Helping People Clear Life’s Hurdles

Posted on August 19, 2022

Helping People Clear Life’s Hurdles

A child experiencing traumatic events doesn’t know trauma is occurring. Most children assume that their lives are normal—because they don’t know any different.

The story of Terry Liggins, 35, of Sioux Falls, SD, illustrates this. Originally from north Omaha, NE, Terry succeeded despite growing up in a tough environment. He became a first-generation college student on a track and field scholarship at the University of South Dakota.

Flourishing in the university setting, Terry was elected student body president and won the 60-meter hurdle national championship at the NCAA Division II Indoor Track and Field Championships in 2008. He graduated with a bachelor’s in Criminal Justice and went on to earn a master’s in Public Administration, Nonprofit.

Then a poor choice landed Terry in federal prison for a white-collar crime. After his release in 2016, he began working with an addiction recovery coach who brought up the topic of trauma.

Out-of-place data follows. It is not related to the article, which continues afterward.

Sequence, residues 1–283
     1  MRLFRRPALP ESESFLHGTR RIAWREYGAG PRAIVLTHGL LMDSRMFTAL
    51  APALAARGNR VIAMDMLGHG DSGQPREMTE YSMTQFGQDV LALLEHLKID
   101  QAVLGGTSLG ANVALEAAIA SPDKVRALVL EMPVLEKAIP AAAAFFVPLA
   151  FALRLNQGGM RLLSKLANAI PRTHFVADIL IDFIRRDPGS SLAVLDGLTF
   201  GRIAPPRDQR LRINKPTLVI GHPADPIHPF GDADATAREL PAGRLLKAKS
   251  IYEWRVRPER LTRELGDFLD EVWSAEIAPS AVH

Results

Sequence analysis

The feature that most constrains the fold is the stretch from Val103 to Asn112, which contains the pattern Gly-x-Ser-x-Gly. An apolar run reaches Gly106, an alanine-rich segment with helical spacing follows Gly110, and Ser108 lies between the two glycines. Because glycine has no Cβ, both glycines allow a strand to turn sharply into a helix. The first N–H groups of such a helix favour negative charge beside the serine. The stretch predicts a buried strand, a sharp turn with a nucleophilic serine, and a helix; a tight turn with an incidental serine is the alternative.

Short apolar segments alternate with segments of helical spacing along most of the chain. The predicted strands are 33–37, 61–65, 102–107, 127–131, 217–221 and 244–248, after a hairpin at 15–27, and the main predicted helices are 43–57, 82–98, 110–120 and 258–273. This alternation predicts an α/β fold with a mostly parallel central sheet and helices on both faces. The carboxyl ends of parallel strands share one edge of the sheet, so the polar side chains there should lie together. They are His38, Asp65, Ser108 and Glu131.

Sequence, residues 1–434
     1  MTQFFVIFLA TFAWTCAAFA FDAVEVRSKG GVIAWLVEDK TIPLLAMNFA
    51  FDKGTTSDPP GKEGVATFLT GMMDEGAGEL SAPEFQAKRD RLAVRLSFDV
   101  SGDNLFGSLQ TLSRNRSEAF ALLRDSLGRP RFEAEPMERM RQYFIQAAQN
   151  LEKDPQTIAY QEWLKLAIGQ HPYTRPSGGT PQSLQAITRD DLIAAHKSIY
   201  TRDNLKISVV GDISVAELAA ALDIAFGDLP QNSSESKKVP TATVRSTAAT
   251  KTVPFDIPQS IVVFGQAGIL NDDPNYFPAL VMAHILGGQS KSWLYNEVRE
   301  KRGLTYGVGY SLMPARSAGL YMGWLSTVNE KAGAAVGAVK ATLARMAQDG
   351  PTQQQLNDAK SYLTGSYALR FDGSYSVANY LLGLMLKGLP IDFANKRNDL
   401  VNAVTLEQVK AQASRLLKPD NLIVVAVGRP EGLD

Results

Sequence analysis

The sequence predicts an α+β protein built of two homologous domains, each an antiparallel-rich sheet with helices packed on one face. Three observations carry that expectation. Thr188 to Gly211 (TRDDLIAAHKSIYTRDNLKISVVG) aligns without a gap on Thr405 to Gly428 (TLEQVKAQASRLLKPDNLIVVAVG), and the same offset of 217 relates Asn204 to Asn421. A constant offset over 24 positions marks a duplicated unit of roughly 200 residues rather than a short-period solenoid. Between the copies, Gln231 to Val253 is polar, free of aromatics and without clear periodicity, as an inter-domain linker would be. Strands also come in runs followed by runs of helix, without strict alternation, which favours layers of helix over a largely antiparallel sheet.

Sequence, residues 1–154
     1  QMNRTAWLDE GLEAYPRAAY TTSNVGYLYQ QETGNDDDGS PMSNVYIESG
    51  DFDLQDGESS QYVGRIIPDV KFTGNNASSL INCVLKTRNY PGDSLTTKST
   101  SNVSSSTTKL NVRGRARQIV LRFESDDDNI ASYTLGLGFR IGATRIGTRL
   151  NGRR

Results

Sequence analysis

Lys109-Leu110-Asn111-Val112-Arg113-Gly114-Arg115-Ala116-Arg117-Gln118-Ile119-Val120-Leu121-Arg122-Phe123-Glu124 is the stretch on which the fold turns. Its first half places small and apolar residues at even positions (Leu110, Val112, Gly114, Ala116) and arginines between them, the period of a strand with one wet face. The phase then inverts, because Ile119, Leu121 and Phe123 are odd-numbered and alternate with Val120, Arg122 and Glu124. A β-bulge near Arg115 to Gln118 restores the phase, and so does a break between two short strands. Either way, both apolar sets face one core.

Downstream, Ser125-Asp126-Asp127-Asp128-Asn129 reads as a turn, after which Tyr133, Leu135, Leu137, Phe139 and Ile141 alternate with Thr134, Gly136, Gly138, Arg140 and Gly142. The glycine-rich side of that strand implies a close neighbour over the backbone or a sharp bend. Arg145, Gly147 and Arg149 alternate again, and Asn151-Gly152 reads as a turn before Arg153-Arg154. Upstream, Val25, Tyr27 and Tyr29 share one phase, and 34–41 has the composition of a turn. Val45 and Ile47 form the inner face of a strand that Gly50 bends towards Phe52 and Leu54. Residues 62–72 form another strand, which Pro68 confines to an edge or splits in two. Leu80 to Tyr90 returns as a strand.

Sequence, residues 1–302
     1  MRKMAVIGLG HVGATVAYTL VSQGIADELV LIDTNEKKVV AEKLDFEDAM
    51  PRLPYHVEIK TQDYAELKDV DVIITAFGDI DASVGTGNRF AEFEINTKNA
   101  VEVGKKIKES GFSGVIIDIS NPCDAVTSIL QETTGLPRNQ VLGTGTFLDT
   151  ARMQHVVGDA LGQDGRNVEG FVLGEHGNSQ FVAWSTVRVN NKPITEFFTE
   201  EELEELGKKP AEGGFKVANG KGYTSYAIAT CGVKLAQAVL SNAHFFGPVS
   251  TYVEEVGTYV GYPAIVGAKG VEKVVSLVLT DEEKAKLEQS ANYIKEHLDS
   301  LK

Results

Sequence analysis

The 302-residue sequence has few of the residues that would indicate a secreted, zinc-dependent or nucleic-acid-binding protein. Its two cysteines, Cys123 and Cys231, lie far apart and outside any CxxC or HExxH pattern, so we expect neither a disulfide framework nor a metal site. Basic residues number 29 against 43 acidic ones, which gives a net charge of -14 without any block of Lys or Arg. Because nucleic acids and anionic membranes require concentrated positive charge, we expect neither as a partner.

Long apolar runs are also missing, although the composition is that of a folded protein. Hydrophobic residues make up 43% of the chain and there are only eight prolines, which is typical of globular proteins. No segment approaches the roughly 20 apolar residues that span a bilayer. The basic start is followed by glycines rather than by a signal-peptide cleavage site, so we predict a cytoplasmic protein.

“I learned that some of my experiences in childhood were traumatic events,” he says. In his neighborhood, there were drugs, gangs and violence; he survived his first drive-by shooting by age six; later his younger brother was killed in a drive-by shooting. But Terry also experienced trauma at home.

In 2017 Terry joined the Master Trainer cohort of the South Dakota Adverse Childhood Experiences (ACEs) and Resiliency Training offered through the CHS Prevention program. He soon discovered how ACEs had affected his own journey.

“I learned that I had six ACEs (out of a possible 10), which meant I had many traumatic experiences,” he says. “Knowing this gave me a clarity about my own upbringing and thereby an understanding of my behaviors, beliefs and mindset.”

“When I was able to learn about the neuroscience, it allowed me to be more comfortable with myself and who I had become,” says Terry. “It also gave me the knowledge that ‘hurt people hurt people.’ I developed compassion and empathy for
my mom and dad so I could forgive them, and not be bitter and blaming.”

All along, Terry had planned to go into a helping profession. “I wanted to be like the people who helped my family when I was young,” he says. Combining this ambition with his new understanding of ACEs and resiliency, he founded The Hurdle Life Foundation, a nonprofit based on the core belief that a trauma informed community is in the best interest of everyone.

The foundation works with at-risk youth from 11-17 and vulnerable adults, providing trauma informed support through mentorship, inspiration and education—working together to help them clear life’s hurdles—as Terry has done himself.